Thursday, April 30, 2009

On that old, Black Cloak again.

I'm still suffering from depression. I say 'still', as it's not something that goes away and then you catch it again like flu, but it's always there, lurking in the back of my mind.
This depression is not just having a bad day, it's an illness for which I have to take regular medication to keep me on an even-keel. Most people who say they're feeling 'depressed', do not understand what clinical depression is like.
I do have good days. Sometimes I even have really good days, but even on those days there will always be a little dark cloud that blots out the sunshine for a while and leaves me cold.
On the good days no one would think that I'm a certified 'loony-tune'. I can function just fine, go shopping, talk to people, tell jokes and be as sociable as Santa Claus on lithium, but on the bad days I can't even bear to leave my bedroom, let alone the house.
I'm very fortunate that I have a couple of good friends who understand how depression affects me, and they make sure I get fed and watered when I'm burrowing into my duvet and wishing the world would go away, but even they don't understand how it feels when the big, black cloak falls down on me.
I've described it before; Sometimes I can shrug it off, but at others it's just too heavy and drags me further and further down until I can't even struggle to move, let alone get it off me.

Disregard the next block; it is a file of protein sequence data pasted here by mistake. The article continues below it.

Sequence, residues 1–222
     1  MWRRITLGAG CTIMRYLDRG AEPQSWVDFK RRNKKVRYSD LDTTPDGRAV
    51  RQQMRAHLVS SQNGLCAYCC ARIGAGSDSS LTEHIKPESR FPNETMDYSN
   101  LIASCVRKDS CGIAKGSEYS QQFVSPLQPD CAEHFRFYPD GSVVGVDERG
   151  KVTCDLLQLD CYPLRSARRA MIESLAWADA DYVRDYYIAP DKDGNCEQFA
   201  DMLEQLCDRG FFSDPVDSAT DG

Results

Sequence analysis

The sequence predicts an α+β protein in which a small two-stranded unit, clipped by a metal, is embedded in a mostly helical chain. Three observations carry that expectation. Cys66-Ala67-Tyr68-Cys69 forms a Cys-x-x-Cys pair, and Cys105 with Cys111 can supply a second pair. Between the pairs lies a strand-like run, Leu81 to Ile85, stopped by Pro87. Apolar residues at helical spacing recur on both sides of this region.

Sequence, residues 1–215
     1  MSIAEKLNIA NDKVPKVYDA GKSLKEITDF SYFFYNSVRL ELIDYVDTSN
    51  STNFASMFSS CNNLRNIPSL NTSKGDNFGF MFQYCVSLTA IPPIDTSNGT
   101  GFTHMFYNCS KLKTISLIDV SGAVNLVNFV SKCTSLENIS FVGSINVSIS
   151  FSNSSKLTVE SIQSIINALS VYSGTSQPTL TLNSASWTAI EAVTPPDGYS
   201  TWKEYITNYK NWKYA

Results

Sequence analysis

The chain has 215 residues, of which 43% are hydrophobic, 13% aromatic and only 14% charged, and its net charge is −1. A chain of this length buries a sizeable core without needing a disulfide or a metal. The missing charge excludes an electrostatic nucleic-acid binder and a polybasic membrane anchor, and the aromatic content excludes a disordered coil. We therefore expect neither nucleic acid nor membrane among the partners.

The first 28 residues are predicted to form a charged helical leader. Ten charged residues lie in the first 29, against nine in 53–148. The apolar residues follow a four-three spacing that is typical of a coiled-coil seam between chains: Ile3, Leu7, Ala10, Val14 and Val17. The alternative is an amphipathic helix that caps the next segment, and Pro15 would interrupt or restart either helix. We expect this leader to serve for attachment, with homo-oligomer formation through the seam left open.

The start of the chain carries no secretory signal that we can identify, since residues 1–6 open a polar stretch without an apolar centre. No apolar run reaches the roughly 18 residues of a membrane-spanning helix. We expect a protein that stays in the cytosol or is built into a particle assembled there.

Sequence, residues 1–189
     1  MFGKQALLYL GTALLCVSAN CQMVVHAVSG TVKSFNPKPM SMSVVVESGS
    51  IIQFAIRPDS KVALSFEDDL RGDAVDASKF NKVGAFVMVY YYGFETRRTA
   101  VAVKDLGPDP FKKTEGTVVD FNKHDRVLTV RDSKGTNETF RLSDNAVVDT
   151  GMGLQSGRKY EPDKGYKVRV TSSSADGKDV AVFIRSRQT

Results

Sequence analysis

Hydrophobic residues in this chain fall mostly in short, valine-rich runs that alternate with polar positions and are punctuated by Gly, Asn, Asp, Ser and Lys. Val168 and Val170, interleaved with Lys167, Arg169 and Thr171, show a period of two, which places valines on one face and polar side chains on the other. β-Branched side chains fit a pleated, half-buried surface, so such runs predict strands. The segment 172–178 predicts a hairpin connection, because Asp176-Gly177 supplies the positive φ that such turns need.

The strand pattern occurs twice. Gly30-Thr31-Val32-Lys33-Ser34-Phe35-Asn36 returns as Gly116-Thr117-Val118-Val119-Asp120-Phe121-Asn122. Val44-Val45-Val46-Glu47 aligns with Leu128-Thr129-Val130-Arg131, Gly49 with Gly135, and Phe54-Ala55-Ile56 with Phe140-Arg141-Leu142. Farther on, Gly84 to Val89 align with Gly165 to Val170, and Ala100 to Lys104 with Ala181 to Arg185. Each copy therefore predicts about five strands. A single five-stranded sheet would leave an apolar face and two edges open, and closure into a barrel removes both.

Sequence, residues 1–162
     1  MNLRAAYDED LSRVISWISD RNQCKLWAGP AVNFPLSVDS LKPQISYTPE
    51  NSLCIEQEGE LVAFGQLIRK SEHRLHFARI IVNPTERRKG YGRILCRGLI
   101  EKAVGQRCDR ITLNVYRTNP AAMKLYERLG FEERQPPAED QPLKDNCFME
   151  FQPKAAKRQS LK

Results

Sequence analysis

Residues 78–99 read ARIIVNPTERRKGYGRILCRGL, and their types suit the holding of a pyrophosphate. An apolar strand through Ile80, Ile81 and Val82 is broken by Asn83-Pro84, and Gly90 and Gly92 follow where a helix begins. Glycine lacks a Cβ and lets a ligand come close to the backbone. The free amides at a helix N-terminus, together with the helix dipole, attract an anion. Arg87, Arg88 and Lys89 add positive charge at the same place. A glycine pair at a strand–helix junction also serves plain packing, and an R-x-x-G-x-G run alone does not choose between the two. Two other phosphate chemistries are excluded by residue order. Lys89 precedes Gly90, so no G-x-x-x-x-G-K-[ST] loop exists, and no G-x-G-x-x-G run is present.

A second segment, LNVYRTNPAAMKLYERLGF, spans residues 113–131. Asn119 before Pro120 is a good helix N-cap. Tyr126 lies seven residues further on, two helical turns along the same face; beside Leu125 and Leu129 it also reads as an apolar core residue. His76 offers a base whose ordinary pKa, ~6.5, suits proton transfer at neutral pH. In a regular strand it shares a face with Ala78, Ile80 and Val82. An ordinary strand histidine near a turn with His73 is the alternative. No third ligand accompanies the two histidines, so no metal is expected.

If that happens when I'm out and about, it causes what is delightfully known as a 'Panic Attack'.
'Panic' is a word generally used to describe how a person acts when they can't find their keys or are running late for something important. It does not normally describe how it feels to not be able to breathe properly whilst trying desperately to stop crying as everyone around you is either staring at you or walking away as you are clearly mad, and all you want to do is hide in a dark corner until the all encompassing terror stops one way or another.
Trust me, I'd rather spend an hour looking for my keys any day.
One of my good friends knows how depression feels as she also suffers from it. If we arrange to meet up and then have to cancel as we're simply not up to facing the world, we either talk over the phone or leave each other in peace until we're up it again.
But other people I've known in the past and counted as friends have not been so understanding.
I was told by one person that 'Although they liked being around the happy Misty, they really didn't like it when I was seriously depressed and that although they'd be more than happy to talk to me when I was 'over myself', they didn't want to know me when I was really ill'.
Lovely, eh?
Since then I've learnt to stay well clear of anyone who tells me incredibly 'helpful' things such as to 'Get over it, it's all in your head', or to 'Stop wallowing in self-pity'. I doubt they'd be as insensitive as to tell a paraplegic to 'Get up and walk' as it's just 'Feeling sorry for themselves'.
Thinking about it they probably would.
So if you know someone who is ill with clinical depression, go give them a hug right now.
If you're suffering from it and don't have someone to give you a hug, go talk to an understanding animal about it and give them a cuddle instead.